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Bronze casting at Montale

Staff Exchange date: 
Wednesday, 11 April, 2012 to Sunday, 15 April, 2012
Traveling from: 
Guided tours To learn more about the ways other Open Air Museums interact with their visitors, in order to improve our own practises. We learnt a lot about tours and displays at Open Air Museums, but the situation is different from Archeon, as we have no archeological site. However, giving guided tours to, for instance, schoolchildren, is of course something we have experience with. We found it interesting how the activities were placed within a broader context through the use of presentations and explanation. The techniques used were different from us (guides did not wear thematic clothing, for instance), but educational all the same. It was difficult to participate, as the tour was entirely in Italian. We did not, therefore, participate first-hand.
Bronze Casting To experience new ways of presenting experimental actions or interactive displays, to look at providing a similar experience in Archeon. Bronze Casting is a popular display at any Open Air Museum, as it provides a spectacular way to demonstrate the production of bronze objects. Coupled with a display of the finished product or the object in-use, it is quite educational. The goal of this specific workshop was to place the activity of casting in a wider context. Our goal was to evaluate if this would be feasible in Archeon as well. The casting itself is something we do in Archeon. However, the workshop was most educational in how to provide additional information on the whole process, from prospecting to mining, to roasting, smelting, transportation, casting and finishing. The presentations were quite enlightening, but especially the last day of workshops, where we got to experience casting first-hand, but also had a go at finishing a bronze object with stone tools, was very educational. To put it in practise, as we were asked to do by conceptualising a way to implement this whole experience of bronze production at our own site, proved more difficult. But again, enlightening.
Chocolate casting The chocolate casting was a good example of providing the experience of casting to children, especially using appropriate moulds of bronze-age objects. We have experimented with chocolate casting before, but the setting was not ideal. The almost clinical and professional atmosphere of the chocolate casting in this case was something we might like to try as well.

Guided Tours

We took part in a guided tour of a group of schoolchildren at the Open Air Museum. They were presented with a number of slides and a long explanation (in Italian, of course) on the Archeology of the site. This explanation was rather long, some 30-45 minutes. The associated activity of digging for archeological finds is one we have had in Archeon in the past, but we found that too few of the children could actively participate. However, it did work in this setting. The cataloguing of the finds afterwards placed the activity in a wider setting. This is very good from an educational point of view, but again, costs quite a bit of time.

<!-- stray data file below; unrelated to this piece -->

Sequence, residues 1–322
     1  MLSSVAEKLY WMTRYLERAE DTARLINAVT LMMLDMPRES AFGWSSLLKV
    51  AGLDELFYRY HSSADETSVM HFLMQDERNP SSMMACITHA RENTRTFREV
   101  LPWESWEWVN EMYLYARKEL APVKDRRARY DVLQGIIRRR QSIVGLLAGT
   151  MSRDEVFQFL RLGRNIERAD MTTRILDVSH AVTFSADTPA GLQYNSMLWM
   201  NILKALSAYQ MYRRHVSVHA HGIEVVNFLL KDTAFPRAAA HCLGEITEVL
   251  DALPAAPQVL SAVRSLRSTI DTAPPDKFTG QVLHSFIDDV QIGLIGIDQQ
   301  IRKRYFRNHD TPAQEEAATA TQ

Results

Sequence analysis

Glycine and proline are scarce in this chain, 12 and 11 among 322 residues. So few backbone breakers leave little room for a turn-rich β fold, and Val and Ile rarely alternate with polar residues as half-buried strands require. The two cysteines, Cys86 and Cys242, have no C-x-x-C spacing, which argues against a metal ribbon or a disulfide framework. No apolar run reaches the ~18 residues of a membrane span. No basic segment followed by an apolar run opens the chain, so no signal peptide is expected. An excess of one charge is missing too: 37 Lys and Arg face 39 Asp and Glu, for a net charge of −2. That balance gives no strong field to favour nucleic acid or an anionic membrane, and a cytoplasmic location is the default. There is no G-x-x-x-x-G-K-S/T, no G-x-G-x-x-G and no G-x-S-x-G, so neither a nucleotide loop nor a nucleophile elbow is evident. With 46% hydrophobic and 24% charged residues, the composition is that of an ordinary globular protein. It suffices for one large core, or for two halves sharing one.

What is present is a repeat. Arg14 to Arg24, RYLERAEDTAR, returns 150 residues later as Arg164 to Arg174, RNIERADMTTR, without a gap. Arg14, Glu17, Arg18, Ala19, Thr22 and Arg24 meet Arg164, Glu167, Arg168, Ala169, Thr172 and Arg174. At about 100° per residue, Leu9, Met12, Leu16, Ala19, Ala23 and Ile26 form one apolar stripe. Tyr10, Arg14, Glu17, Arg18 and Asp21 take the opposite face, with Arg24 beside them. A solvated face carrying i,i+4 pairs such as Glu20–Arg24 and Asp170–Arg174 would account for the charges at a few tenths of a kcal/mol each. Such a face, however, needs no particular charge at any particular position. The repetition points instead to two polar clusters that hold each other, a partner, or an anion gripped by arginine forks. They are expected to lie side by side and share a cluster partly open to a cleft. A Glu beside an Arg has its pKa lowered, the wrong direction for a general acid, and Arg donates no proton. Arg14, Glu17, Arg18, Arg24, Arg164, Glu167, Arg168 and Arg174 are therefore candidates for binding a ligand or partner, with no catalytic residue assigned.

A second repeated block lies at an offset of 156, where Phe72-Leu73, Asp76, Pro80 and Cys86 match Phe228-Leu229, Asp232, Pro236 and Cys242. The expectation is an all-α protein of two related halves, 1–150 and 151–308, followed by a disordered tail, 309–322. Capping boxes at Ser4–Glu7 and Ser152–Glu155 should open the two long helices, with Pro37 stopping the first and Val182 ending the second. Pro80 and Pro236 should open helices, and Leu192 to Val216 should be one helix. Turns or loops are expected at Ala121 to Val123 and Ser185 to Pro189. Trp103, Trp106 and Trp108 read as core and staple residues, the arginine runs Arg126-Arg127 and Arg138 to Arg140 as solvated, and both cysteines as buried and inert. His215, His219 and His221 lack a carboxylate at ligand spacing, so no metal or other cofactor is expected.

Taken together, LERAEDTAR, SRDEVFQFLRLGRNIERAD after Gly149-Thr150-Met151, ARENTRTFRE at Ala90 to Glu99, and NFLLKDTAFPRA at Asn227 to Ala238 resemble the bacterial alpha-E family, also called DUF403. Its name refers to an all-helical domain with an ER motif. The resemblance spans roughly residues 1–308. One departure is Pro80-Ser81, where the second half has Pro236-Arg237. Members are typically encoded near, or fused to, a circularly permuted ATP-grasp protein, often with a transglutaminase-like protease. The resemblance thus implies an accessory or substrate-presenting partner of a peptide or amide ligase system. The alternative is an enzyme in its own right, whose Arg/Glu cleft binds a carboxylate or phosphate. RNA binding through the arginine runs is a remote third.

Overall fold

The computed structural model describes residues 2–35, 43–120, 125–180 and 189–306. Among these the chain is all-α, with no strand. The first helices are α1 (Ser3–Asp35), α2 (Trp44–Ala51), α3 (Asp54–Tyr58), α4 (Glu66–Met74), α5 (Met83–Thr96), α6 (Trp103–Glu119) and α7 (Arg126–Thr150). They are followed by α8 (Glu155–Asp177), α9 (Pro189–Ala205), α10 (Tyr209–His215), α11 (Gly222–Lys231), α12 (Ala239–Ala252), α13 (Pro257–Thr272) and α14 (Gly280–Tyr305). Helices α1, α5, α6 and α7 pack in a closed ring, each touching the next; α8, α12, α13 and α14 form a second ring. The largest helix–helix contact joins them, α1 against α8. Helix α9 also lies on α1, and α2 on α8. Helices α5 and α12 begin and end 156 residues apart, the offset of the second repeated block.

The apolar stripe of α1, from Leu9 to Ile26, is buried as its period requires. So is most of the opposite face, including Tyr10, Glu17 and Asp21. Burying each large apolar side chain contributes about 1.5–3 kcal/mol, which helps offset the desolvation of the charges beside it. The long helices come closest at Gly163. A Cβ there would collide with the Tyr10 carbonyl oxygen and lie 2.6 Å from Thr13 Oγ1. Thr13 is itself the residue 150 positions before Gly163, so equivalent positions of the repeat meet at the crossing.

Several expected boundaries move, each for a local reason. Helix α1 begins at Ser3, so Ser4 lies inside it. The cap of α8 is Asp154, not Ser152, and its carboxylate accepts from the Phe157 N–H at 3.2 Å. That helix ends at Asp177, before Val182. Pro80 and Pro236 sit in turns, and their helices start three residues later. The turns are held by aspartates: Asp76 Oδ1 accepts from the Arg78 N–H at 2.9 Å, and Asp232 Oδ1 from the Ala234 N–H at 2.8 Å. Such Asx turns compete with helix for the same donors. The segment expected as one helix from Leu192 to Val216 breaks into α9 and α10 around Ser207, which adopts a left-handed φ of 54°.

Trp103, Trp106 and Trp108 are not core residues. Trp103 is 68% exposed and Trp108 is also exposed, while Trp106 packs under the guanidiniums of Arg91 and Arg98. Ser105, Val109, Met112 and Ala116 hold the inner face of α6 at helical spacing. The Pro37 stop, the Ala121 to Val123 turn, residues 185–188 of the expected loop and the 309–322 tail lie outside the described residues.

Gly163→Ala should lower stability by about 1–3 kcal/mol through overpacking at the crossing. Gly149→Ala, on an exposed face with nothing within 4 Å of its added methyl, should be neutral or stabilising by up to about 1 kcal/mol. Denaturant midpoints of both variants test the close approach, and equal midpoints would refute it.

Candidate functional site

From this experience we can take home the idea of placing concrete activities in a broader (academic) context. But in Archeon our experience is that the activities and associated tours should be much shorter, also due to the fact that we often have large numbers of visitors on-site.

Bronze Casting

Learning from the Bronze casting displays in the Open Air Museum, we found it curious that they were done in modern clothing and in a modern context. We are used to having our displays and our tour-guides (Archeo-interpreters) in thematic (prehistoric, roman, medieval, etc) clothing. However, by placing the guide or the demonstrator outside of the context of the actual activity of casting, the focus comes to lie more completely on the activity or demonstration itself. The guide / archeologist also has more (academic) authority when not in thematic clothing.

Being able to participate first-hand in bronzecasting is a great experience and could even be offered to interested parties (archeologists for instance) as a workshop or as part of a teambuilding exercise, for instance. It has also inspired us to resurrect a weekly bronzecasting meeting among our own staff. And a weekly or monthly bronze casting demonstration for our visitors.

Placing the casting itself in a broader context again, by making the casting part of a process (prospecting, mining, transporting, casting, finishing, trading), enriches the whole experience. Brainstorming on how to implement the activity and also the context of the activity is something that can be applied to many displays, not just bronzecasting.

Number of Participants: 
L, Visser
M. Veldman


At the bronze casting tent
Preparation for the presentation
Happy with the results!